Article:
Venezuelan Vice President Delcy Rodriguez announced Wednseday that phase two of the country's military exercises would begin as early as Friday.
Sputnik said local news reports show large-scale military exercises will start in 24 to 48 hours, will be used to secure the country's power grids and water supply systems.
"This coming weekend, the military drills dubbed Ana Karina Rote are being resumed at their second stage," Rodriguez was quoted on the state-run television on Wednseday. The first stage of the drills, dubbed Angostura, was held between February 10 and 15 to practice repelling an American invasion.
The news comes after Venezuela suffered a devastating blackout that left the country paralyzed. The crisis started on March 7 with a system failure at the Guri hydroelectric power plant, which produces 80% of the country’s power.
Earlier this week, Venezuelan President Nicolas Maduro said two people had been detained on suspicion of attempted sabotage of the country's power system, adding that Washington carried out the attack.
President Maduro said the blackout is an "electric war announced and directed by American imperialism.”
He said electrical systems were targeted by cyber attacks and "infiltrators." He added that government forces restored power to “many parts” of the country on March 8, but was quickly knocked out again by a new wave of attacks. He noted that “one of the sources of generation that was working perfectly” had been sabotaged and accused “infiltrators of attacking the electric company from the inside.”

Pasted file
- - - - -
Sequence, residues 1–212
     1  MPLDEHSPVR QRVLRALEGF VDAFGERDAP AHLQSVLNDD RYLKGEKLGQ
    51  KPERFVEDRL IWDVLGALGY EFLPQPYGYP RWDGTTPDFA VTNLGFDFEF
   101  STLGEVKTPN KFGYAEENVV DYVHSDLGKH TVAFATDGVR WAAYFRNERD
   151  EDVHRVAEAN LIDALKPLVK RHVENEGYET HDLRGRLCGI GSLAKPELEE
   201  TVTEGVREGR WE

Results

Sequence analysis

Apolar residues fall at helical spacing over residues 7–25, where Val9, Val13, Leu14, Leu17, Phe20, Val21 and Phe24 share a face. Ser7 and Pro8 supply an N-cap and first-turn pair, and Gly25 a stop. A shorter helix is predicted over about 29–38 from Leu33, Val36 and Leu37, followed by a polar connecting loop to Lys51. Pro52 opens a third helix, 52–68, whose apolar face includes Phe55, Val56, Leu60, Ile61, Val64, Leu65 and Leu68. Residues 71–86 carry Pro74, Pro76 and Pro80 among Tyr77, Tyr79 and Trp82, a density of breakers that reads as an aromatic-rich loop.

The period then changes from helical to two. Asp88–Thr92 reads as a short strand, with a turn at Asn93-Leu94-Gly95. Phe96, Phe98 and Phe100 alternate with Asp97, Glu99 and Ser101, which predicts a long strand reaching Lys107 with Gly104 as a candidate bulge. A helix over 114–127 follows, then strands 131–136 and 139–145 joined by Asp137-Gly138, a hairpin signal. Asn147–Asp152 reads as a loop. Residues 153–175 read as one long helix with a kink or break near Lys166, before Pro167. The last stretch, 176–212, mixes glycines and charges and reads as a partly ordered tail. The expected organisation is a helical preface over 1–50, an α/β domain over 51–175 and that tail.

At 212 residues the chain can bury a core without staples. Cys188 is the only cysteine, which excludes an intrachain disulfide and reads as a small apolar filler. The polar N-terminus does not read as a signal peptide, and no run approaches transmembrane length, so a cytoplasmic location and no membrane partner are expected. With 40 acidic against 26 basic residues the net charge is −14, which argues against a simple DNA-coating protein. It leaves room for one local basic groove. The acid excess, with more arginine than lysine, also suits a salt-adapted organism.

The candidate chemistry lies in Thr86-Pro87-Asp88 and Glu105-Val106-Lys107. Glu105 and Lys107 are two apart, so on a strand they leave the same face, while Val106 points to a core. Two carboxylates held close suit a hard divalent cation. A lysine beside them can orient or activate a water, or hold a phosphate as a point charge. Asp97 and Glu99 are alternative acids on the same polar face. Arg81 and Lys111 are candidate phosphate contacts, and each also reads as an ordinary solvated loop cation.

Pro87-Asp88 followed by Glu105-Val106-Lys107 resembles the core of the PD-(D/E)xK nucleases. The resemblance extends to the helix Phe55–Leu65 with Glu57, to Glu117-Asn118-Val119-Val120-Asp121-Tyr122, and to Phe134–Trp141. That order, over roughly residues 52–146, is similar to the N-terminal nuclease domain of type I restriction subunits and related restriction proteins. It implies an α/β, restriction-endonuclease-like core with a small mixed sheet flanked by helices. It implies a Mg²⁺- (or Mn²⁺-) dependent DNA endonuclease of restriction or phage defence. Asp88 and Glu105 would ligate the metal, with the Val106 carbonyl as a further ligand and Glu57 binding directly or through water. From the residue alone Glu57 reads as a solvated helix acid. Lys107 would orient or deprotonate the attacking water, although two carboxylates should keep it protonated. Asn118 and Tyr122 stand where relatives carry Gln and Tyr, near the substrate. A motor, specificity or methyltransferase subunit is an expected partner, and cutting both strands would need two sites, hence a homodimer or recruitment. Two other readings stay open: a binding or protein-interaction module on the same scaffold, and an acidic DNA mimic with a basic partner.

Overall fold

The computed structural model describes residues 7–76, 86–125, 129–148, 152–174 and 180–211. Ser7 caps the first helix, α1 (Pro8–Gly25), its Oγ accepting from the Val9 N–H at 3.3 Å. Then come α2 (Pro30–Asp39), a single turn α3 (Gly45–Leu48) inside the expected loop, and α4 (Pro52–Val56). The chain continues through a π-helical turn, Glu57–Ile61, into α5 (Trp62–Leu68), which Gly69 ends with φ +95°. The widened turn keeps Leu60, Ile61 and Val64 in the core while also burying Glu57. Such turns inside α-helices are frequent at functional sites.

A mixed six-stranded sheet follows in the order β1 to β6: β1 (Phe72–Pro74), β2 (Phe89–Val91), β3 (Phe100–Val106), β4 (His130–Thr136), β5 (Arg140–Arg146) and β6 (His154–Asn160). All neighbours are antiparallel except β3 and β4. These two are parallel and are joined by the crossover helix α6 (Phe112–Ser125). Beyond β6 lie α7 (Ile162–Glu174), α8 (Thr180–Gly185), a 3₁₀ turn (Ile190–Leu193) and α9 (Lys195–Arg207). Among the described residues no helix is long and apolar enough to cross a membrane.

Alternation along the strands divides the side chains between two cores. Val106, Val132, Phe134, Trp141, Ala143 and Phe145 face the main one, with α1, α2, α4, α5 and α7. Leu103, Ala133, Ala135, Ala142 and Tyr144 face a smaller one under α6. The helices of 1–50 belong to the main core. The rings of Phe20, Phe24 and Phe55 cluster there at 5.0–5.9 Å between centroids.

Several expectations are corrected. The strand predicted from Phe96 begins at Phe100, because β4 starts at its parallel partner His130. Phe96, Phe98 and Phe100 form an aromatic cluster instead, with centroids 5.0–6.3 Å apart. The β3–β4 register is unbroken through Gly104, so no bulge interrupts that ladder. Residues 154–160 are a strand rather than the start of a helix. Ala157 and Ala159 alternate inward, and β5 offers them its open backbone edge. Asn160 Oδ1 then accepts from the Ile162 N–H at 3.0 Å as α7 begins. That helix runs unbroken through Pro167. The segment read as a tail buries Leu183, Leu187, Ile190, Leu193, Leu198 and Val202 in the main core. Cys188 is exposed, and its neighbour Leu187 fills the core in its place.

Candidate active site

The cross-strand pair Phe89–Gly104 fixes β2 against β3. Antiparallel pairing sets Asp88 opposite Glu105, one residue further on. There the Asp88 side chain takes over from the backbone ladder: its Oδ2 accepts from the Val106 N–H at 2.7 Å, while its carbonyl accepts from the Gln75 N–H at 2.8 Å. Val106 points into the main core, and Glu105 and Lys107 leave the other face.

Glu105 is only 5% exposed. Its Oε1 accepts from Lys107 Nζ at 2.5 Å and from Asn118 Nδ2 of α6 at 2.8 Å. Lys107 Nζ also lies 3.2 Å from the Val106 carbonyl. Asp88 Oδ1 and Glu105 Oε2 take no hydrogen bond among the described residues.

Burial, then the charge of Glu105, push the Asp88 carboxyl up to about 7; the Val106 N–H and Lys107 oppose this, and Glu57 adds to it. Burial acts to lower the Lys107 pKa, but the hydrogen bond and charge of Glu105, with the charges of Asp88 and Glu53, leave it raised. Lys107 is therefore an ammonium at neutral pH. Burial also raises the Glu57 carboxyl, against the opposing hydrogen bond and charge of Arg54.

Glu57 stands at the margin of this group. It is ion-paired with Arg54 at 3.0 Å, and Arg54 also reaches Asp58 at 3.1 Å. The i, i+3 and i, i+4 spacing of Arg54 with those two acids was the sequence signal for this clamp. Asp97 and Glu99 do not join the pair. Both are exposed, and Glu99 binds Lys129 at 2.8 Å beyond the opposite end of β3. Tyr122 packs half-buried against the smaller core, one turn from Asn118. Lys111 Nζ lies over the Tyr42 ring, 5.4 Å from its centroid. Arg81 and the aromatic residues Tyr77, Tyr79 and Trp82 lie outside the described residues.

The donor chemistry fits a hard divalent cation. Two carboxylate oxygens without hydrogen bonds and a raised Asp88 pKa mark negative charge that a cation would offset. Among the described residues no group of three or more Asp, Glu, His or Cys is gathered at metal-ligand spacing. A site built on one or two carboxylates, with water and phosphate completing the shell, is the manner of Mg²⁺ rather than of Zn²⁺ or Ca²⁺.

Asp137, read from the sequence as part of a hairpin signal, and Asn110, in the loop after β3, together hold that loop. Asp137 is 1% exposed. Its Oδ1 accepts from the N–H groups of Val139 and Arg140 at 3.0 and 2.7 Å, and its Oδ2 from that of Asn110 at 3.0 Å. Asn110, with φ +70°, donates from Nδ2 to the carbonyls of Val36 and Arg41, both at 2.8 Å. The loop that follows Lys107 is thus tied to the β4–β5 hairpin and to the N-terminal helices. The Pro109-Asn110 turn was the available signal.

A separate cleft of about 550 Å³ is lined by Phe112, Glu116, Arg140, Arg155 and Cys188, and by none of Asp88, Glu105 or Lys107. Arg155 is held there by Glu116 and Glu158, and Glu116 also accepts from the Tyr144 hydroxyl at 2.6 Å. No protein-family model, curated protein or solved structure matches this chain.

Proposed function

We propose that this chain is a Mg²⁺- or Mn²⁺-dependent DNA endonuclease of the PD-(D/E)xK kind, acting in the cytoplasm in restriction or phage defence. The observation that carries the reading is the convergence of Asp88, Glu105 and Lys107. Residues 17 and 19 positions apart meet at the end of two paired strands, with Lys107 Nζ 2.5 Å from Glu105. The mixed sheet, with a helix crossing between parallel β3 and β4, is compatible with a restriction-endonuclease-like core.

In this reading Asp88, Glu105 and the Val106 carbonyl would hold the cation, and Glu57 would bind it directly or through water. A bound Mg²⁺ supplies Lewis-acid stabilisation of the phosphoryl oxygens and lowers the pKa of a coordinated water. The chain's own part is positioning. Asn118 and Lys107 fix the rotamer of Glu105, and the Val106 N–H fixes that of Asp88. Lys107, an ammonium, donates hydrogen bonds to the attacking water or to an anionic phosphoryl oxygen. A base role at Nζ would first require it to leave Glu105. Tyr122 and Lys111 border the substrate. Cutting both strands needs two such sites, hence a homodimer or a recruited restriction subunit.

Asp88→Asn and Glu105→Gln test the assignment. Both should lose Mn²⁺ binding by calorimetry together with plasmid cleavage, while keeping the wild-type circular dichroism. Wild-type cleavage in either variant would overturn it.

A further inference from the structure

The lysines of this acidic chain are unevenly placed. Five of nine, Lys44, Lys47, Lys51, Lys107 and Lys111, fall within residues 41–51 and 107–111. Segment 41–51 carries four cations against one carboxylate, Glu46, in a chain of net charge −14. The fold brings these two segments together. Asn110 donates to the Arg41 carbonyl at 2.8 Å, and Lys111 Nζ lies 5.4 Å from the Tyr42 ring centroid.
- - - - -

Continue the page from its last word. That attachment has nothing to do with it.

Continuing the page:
In the last 60 to 90 days, Venezuela has faced deep political turmoil. Juan Guaido was elected the head of the opposition-controlled National Assembly in early January, which the Maduro government rejected recognizing since 2016.
On January 23, several days after the Venezuelan Supreme Court invalidated his election, Guaido then declared himself the country's interim president. Maduro, who was sworn into his second presidential term on January 10 after winning the May election, which part of the opposition boycotted, called Guaido's move treasonous and aided by Washington.
The blackout in Venezuela was likely Washington's new warfare strategy centered on creating as much social destabilization as possible before military intervention. We have reported that the US military is staggering troops around the Carribean and in nearby countries. With the second wave of war drills expected to commence this weekend, the Venezuelan government continues to prepare for war.